Composting in trash can

How To Make a Compost Bin From a Plastic Dustbin

  1. Select Your Bin
  2. Composting Drills
  3. The Base
  4. Get Dirty
  5. Get The Scraps
  6. Shake It Up
  7. Moisten Your Compost
  8. More Drills
  9. Location
  10. Practice Patience

Are you a composter? If you are and are looking for an easy compost bin you can build yourself in just a portion of an afternoon. You’re in the right place.

In the last gardening post, you learned whether rabbits eat zucchini or not. In this post, you’re going to learn how to make a compost bin from a plastic dustbin. It’s the perfect cheap and easy DIY compost bin whether you’re a beginner composter or an off the grid homesteader.

After reading this post, you’ll know exactly how to make a compost bin from a plastic garbage can for less than $20.

RELATED: See dozens more DIY compost bin ideas and plans at Homesteading World.

DIY Composting Dustbin

Here’s how you make this composting bin.

Step 1: Select Your Bin

Since the theme of this a guide is how to make a composting bin with plastic dust been going to assume you want to make a composting bin from a plastic dust bin with that being said do you have to use a plastic and dust bin.

No, you don’t. You can use a couple of different items to accomplish the exact same type of Ben.

You can use a large plastic garbage bin that in most homes use to take out their trash.

Do you really need is a large plastic bin that has a tight-fitting lid that goes on the bench?

The reason we need a lid that shits the bed and tightly is to keep the soil moist and also to keep the bugs and critters out of your bin.

One option would be to get one of the plastic bins at Lowe’s for around seven dollars.

When it comes to composting bins, there are dozens of different options for the system that you use. Also, there are dozens of different DIY bins you can make in just an afternoon.

Some are simple and inexpensive and some are labor-intensive and require a small loan in order to build.

This bin that we’re going to make, this project can be done with less than $20 and possibly even free if you already have a plastic dust bin that you want to use.

Step 2: Composting Drills

After you’ve selected your plastic dustbin, it’s time for step two, we’re going to drill a few holes in your bin.

Get your electric drill out and you want to drill 8 to 12 small holes in the bottom of the plastic bin. The reason for the holes is for aeration purposes.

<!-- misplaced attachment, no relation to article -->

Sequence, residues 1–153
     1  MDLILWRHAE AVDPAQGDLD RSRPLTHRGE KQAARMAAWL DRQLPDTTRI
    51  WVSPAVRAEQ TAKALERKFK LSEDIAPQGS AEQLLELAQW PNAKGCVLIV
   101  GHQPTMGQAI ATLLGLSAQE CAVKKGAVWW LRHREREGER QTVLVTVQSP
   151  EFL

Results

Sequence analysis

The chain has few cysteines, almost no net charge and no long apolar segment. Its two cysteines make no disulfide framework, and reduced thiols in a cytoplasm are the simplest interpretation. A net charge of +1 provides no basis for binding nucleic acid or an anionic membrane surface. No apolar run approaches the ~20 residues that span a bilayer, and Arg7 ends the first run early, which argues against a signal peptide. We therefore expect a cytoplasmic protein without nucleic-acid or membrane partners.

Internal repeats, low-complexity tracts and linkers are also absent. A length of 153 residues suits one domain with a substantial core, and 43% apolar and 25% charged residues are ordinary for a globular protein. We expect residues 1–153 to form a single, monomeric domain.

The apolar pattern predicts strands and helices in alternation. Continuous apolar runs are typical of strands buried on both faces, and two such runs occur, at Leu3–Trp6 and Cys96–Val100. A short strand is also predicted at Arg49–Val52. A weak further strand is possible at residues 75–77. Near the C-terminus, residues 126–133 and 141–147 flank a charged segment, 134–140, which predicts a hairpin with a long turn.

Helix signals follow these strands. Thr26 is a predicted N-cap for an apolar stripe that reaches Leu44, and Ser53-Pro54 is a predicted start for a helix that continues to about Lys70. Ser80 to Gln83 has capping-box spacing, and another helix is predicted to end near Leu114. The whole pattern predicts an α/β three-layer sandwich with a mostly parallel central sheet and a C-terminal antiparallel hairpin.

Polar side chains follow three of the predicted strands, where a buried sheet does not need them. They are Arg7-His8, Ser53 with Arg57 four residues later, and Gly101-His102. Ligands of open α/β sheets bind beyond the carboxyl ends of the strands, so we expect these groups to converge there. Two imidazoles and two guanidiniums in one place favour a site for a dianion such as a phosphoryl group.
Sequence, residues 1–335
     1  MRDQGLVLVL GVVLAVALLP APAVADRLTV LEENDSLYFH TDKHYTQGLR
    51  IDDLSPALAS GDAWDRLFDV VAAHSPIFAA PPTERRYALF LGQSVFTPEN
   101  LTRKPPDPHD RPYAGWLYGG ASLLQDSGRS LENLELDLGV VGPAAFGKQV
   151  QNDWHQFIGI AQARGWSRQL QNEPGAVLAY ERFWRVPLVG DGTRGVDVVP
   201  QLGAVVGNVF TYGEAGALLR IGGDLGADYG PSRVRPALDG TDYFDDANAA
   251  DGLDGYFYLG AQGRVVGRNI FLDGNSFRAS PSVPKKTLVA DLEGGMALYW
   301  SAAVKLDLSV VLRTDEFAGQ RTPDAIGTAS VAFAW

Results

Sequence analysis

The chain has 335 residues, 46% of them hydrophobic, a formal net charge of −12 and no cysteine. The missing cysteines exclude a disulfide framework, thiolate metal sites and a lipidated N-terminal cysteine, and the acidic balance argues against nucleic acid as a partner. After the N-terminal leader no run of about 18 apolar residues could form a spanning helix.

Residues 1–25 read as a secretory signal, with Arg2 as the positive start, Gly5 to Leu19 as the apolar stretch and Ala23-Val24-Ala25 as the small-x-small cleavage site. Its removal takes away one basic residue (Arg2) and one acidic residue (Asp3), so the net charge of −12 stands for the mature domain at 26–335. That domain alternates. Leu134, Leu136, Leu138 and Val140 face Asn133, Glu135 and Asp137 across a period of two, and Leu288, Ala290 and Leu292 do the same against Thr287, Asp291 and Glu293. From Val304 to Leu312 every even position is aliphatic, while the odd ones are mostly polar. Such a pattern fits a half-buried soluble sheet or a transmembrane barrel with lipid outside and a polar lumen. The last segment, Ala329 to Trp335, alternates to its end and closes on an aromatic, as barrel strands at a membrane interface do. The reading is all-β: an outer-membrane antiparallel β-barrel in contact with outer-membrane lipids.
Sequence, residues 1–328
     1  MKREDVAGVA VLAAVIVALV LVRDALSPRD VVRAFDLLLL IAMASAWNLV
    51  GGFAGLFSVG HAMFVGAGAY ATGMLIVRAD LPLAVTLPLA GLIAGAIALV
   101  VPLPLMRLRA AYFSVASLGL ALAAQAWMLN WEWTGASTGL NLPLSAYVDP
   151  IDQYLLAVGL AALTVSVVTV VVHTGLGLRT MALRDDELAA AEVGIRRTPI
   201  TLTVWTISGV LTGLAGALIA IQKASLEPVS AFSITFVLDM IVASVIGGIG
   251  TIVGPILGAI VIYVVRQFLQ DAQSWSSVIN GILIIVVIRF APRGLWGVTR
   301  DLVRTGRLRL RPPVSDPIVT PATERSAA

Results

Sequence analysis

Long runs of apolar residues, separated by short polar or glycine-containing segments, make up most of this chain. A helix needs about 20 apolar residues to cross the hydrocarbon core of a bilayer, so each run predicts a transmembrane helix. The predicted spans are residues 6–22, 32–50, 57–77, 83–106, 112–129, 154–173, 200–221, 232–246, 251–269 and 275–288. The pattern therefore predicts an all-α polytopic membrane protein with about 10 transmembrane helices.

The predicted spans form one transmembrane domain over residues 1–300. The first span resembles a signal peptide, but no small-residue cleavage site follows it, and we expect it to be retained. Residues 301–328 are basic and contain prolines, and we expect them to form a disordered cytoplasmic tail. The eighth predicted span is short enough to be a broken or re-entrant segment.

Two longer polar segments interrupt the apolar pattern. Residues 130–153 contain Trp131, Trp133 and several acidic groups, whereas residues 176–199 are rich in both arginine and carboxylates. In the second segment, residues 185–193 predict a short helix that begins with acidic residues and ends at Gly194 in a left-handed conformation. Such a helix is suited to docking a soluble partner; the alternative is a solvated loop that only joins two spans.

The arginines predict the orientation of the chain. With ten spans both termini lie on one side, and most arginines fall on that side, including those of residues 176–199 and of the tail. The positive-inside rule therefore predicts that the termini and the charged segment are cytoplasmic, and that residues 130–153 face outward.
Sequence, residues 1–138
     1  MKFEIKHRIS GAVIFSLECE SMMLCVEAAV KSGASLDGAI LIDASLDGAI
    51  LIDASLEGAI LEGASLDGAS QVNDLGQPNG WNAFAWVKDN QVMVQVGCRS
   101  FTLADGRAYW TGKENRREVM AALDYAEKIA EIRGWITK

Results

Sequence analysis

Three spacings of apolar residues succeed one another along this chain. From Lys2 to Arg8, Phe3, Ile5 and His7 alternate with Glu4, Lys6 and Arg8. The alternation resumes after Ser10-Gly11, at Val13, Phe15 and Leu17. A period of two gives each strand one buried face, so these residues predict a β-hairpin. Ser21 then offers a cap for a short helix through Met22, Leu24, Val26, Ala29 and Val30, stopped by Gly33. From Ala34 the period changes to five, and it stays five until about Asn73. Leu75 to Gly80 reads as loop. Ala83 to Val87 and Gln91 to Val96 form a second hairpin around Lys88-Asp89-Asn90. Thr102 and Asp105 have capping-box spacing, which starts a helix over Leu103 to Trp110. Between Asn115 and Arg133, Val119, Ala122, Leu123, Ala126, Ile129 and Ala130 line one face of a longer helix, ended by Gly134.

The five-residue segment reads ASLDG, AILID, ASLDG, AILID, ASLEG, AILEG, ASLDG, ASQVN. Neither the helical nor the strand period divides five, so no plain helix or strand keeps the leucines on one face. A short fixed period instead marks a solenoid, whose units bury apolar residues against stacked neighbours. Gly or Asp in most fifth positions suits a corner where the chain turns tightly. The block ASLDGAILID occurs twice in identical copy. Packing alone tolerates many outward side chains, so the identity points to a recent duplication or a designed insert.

Step 3: The Base

Create the base for your compost. Create the base at the bottom of your bin. The base consists of shredded newspaper or dry leaves, or both.

Cover the entire bottom of the bin with either or and fill the bin about 20% full.

Step 4: Get Dirty

Now let’s add dirt on top of your base. Take your soil and dirt and sprinkle a layer on top of the base until the container is about halfway full.

Step 5: Get The Scraps

Now for the food scraps that you want to compost, you’re going to add the scraps into your bin now.

Here are a few types of food scraps that work well for composting. You want to make sure you’re using the right kinds of scraps because there are things that you can and cannot compost.

For example, eggshells are composter friendly, while lime is not compost friendly because limes are too acidic which would cause your compost to spoil.

Step 6: Shake It Up

Now, you want to stir everything in the bin with your choice of stirring method. It’s recommended to use either a stick or a shovel. Just make sure to cover the food scraps with the dirt, that’s the key.

Step 7: Moisten Your Compost

One of the best methods to do this is to spray down your compost with a spray bottle, use lukewarm water if you can. Spray the compost. Spray until it’s moist but not moist enough to be dripping water. Putting too much water in your compost could be could result in a smelly situation with your composting dust bin.

Step 8: More Drills

Just like the holes you drilled before in the bottom of your brain now you just want to drill another 8 to 12 small holes in the lid. After doing that please the lid on the bin and make sure it’s secure make sure it’s securely tight on top of the bin shop. Having the lid securely on the bin is going to help with the airflow inside of your bin.